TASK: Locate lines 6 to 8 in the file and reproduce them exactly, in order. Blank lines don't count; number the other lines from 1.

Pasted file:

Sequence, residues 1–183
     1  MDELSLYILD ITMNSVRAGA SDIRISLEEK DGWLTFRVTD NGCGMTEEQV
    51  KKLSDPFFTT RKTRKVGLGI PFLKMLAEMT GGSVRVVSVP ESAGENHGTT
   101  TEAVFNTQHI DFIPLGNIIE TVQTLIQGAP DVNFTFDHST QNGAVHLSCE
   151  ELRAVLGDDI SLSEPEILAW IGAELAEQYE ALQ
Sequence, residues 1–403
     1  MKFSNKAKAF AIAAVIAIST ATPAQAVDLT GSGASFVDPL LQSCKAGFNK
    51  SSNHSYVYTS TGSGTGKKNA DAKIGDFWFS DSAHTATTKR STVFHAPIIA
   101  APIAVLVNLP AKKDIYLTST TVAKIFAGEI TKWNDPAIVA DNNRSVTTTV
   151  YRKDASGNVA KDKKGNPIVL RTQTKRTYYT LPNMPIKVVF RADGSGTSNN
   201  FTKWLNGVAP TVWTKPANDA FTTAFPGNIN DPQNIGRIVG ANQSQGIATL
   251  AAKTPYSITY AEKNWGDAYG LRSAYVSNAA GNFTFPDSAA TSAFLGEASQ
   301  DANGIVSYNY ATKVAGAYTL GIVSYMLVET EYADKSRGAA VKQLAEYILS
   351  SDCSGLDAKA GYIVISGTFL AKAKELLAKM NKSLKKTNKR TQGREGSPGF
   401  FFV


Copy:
Sequence, residues 1–403
     1  MKFSNKAKAF AIAAVIAIST ATPAQAVDLT GSGASFVDPL LQSCKAGFNK
    51  SSNHSYVYTS TGSGTGKKNA DAKIGDFWFS DSAHTATTKR STVFHAPIIA